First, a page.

Closing processes can vary widely, even within the same state. For example, the escrow process is different in northern California and southern California. Escrow orders are drawn and signed shortly after the offer acceptance in southern California, but they're drawn and signed just before closing in the northern counties.

Home-Closing Delays

There are a number of reasons a home closing might be delayed. If any step in the process is held up, the whole timeline can be affected.

Closing might be delayed if a paper is missing from the loan file, such as a preliminary title report or a seller's condition of sale. Before closing, make sure all papers are in order if you want to speed up the sale.

Loan Issues

The biggest problems in home closing often occur after the file is sent to the underwriter. Although loan officers tend to know the guidelines, which helps smooth the loan process, they can't always predict what an underwriter will say.

It can be tough for buyers, who have packed all of their things and are waiting for movers, to wonder whether their loan will be approved. The last few days of closing can be very tense while they wait.

In some cases, large lenders cause more delays than mortgage brokers, perhaps because big banks follow their own plan of action when they approve loans.

Compliance

Complying with federal guidelines such as TRID can also slow the closing process because the groups that are working together have no pre-existing relationship.

In 2015, the Truth in Lending Act (TILA) and the Real Estate Settlement Procedures Act (RESPA) were joined in the TILA RESPA Integrated Disclosure Rule, known as "TRID" for short. This rule is intended to give buyers clear and simple closing information, but it can sometimes cause delays.

Other Hitches

Some other common problems that may delay the closing process include:

  • A low appraisal or a review that does not match the first appraisal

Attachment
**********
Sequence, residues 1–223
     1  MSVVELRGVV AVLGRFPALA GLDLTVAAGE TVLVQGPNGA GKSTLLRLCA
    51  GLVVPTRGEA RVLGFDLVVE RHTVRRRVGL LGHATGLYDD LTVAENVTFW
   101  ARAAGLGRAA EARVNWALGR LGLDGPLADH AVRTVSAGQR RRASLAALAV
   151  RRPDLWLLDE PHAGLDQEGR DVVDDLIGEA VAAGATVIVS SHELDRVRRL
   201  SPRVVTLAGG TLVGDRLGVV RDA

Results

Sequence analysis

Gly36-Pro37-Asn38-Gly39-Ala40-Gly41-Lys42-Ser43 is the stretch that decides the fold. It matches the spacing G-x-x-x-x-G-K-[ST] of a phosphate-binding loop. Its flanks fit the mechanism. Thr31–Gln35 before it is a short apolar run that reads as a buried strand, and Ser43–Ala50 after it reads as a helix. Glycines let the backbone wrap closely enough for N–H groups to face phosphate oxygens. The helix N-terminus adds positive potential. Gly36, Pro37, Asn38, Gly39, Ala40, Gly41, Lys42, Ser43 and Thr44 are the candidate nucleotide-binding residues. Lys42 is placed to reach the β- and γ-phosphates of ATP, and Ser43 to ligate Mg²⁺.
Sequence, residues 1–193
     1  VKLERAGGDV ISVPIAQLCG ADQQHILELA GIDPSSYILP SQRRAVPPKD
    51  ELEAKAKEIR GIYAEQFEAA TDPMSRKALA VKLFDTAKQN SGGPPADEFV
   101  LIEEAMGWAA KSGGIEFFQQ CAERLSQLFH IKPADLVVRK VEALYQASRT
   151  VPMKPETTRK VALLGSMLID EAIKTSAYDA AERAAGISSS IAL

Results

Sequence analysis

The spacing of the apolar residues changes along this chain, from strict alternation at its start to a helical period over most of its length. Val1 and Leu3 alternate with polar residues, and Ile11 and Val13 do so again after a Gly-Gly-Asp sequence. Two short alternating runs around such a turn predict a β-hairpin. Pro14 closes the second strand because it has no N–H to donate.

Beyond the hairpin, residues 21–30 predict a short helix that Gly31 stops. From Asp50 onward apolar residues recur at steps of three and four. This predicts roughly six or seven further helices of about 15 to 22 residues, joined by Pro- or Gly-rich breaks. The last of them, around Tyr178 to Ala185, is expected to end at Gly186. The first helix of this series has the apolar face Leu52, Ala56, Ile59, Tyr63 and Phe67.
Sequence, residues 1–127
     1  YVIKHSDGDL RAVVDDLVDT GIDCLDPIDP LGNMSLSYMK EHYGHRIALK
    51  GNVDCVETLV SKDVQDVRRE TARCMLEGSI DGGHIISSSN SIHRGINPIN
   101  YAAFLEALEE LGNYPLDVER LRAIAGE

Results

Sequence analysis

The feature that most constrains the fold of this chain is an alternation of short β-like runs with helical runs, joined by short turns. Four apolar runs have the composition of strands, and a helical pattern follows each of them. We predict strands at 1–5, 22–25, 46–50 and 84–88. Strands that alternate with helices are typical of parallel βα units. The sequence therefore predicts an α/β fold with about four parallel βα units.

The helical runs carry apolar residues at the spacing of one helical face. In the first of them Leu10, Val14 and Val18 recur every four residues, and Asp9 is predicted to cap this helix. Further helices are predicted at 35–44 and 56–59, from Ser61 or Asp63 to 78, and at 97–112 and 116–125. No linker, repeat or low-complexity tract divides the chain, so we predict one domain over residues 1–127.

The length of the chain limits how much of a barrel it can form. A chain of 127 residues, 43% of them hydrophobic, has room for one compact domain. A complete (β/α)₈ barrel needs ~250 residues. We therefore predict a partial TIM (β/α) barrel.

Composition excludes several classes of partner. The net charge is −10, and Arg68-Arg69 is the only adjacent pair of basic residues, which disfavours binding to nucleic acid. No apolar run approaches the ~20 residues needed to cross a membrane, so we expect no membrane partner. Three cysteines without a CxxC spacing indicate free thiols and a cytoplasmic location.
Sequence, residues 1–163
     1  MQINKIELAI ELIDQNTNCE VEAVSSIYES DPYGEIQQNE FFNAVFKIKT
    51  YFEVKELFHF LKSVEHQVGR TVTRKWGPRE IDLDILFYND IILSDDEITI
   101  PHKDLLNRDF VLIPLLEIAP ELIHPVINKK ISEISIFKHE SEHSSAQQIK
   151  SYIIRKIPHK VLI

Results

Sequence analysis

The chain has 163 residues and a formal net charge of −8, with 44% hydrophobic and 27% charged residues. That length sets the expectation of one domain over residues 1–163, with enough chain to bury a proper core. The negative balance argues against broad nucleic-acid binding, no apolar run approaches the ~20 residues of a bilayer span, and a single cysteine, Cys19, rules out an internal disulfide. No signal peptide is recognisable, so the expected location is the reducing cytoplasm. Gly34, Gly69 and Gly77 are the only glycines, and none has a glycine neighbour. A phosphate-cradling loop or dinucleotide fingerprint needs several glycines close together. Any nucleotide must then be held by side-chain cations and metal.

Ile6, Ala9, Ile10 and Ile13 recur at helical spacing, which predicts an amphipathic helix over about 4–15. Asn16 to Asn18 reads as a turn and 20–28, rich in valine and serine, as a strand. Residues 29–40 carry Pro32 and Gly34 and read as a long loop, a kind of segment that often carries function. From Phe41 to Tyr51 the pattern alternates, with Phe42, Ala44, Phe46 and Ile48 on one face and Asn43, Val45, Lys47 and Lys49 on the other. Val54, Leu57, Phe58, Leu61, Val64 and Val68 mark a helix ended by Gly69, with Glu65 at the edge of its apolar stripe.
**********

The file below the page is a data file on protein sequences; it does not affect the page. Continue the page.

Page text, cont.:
• More debt found on the buyer's credit report
  • Mistakes noted in the buyer's credit report
  • New liens or judgments filed against the buyer or seller upon the title update
  • Clouds on the title
  • If the buyer or seller gets married or divorced
  • Missing bank statements or financial documents
  • Missing insurance details
  • An expired loan or program commitment
  • Big changes to the fees in the loan estimate

Some of these issues may be small and take only a short time to resolve, but others have the potential to set the entire process back to square one. For instance, if you discover a title defect, a specialty title lawyer may be able to fix errors on documents or recover the chain of title in a few days. But if the title search reveals that there is an issue with ownership, the whole deal may be off the table. Similarly, if a credit check shows that the buyer has more debt than thought, underwriting may have to start from scratch; or maybe the loan will be withdrawn altogether.

In addition, the buyer's earnest money could be at risk if the loan isn't approved. If the purchase contract doesn't include a clause stating that the closing depends upon being approved for the loan, that could delay things as well. The same would apply if the home didn't appraise at a value high enough to cover the loan, and no clause about this was built into the contract.

The bottom line is that it's best if these problems are addressed before the loan goes to the underwriter.

Frequently Asked Questions (FAQs)

What is the average cost of closing on a home?

Closing costs range between 2% and 5% of the purchase price of a home on average. That means on a $250,000 home, you should expect to pay roughly $5,000 and $12,500 in closing costs.

What do you do after closing on a home?

Once you and the seller sign off on the closing documents, the home is yours. Now it's time to change your locks, deep clean, and do any painting or pre-move-in projects you want to do. Be sure you update your address, set up your utilities, and have your HVAC systems serviced to be sure they're running well.

When is the best time to close on a home?

There are advantages to closing at the beginning or end of the month, so the right time depends on which benefits matter more to you. If you close at the beginning of the month, you'll probably get a smoother, faster close because your lender may be less busy. You'll also have a longer gap between closing and your first mortgage payment. On the other hand, closing late in the month will save you hundreds of dollars in prepaid interest.

Article Sources

  1. Ellie Mae. "2021 Origination Insight Report," Page 4.

  2. Realtor.com. "How Long Does Underwriting Take—and Can You Speed It Up?"

  3. Consumer Financial Protection Bureau. "Real Estate Settlement Procedures Act," Page 10.

  4. U.S. Department of Veteran's Affairs. "VA Home Loans."

  5. California Department of Real Estate. "Surviving the Real Estate Escrow Process in California: Important Things and Tips You Should Know, and Mistakes to Avoid," Pages 14-15.

  6. National Association of REALTORS®. "TRID (TILA-RESPA Integrated Disclosure)."

  7. Zillow. "What Are Closing Costs and How Much Are They?"